Why do nurses (almost) never get sick?

Why do nurses (almost) never get sick?

  Nurses get more up close and personal with sick patients than anyone else does.

And yet it’s vital for them to stay healthy: They’ve got hard work to do and can’t be ill around patients with compromised immune systems. We’ve heard countless times that it’s essential to take care of ourselves before taking care of others—you know, the whole “secure your oxygen mask before assisting others” drill—but it’s hard to put into practice. Nurses actually do it.

Aside from washing their hands and getting their flu shots annually, nurses have other immunity-boosting tricks that have become second nature. Also, for more read on to learn their 7 best tips for staying healthy. (Heal your whole body with Rodale’s 12-day liver detox for total body health.)

They don’t touch their faces.

“Usually, the transmission of illnesses is from hands, nose, eyes, and mouth,” says Nicoleta Constantin, PhD, BSN, a registered nurse at UNC Hospitals, Chapel Hill. She’s developed the habit of never touching her face, and instead grabs a tissue or uses her forearm when she needs to scratch her nose or rub her eyes. Constantin also adheres to the “droplet precautions” procedure at work, which is CDC protocol to help prevent the transmission of respiratory viruses (like wearing a mask and performing proper hand hygiene).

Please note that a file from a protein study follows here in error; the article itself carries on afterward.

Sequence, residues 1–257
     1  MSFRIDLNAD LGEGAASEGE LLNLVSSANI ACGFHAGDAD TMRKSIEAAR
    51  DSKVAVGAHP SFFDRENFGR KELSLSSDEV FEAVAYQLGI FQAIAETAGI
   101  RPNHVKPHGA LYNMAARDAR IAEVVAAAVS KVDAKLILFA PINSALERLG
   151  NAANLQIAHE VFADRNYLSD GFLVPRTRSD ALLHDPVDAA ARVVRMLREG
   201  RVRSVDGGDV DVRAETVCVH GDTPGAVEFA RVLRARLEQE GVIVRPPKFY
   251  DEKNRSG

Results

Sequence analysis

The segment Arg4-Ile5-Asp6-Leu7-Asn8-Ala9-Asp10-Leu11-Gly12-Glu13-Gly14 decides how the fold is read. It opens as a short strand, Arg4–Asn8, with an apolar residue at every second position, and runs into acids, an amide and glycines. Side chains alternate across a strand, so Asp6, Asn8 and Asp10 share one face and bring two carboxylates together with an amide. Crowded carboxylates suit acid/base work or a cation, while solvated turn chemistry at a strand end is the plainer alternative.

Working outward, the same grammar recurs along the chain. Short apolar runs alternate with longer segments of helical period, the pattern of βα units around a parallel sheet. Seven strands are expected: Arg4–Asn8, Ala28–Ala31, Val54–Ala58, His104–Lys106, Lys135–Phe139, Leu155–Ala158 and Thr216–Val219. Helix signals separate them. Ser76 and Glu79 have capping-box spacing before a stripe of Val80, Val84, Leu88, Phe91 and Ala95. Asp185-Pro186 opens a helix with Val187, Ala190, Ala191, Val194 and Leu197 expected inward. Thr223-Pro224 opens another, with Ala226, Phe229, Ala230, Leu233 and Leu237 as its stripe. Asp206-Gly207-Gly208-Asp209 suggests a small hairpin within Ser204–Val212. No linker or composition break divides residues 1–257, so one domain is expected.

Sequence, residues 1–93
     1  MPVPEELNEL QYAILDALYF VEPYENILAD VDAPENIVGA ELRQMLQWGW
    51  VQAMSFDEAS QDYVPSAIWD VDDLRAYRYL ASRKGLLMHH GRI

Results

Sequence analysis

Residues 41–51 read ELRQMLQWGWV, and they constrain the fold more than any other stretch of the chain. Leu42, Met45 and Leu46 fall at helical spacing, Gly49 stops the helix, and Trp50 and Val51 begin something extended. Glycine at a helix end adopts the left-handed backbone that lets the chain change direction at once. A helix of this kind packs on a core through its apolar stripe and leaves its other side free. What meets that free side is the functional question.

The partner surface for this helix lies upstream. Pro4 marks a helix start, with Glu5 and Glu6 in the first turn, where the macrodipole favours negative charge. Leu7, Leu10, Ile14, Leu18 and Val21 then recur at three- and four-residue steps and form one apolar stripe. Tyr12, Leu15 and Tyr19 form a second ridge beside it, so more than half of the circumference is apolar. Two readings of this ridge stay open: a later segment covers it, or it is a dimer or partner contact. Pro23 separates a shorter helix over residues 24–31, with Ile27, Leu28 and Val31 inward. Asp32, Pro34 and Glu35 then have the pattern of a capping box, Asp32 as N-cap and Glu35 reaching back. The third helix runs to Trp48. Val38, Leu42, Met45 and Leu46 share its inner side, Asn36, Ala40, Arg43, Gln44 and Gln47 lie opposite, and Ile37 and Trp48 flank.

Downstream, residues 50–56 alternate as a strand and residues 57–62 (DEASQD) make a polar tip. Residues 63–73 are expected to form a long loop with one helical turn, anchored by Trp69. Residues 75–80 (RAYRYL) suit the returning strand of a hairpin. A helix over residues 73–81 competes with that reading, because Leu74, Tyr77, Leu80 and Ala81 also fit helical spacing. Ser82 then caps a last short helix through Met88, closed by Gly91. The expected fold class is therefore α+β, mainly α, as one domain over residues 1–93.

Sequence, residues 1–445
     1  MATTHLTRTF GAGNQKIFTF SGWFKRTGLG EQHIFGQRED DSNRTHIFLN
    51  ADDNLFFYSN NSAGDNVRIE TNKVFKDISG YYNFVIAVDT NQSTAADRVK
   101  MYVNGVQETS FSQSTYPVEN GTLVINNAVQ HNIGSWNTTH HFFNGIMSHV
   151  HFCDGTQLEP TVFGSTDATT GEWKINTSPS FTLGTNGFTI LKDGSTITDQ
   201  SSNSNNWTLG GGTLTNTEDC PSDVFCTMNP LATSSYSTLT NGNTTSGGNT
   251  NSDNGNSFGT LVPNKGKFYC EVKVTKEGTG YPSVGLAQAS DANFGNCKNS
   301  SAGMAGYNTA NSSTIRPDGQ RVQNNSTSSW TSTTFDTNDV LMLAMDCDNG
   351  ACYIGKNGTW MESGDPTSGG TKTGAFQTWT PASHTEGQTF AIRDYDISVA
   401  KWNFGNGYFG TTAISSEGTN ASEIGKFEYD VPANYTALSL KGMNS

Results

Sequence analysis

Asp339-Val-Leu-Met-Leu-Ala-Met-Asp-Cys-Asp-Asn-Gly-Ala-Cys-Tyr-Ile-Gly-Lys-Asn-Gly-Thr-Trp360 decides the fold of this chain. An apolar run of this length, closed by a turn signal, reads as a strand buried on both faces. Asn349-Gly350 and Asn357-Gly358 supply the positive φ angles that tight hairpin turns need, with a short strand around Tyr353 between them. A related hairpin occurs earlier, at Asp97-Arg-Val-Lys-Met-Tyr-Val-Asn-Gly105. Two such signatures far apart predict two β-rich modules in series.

Droplets from sneezes can carry organisms within a 3-feet radius, so while Constantin can’t avoid staying close to her patients, she bears this fact in mind and keeps a healthy distance from sick people on her days off. (And for good reason: A 2011 survey by the American Biology Society and the American Cleaning Institute found that just 39% of people always wash their hands after coughing or sneezing.)

For More tips from nurses and Original Article from Prevention.

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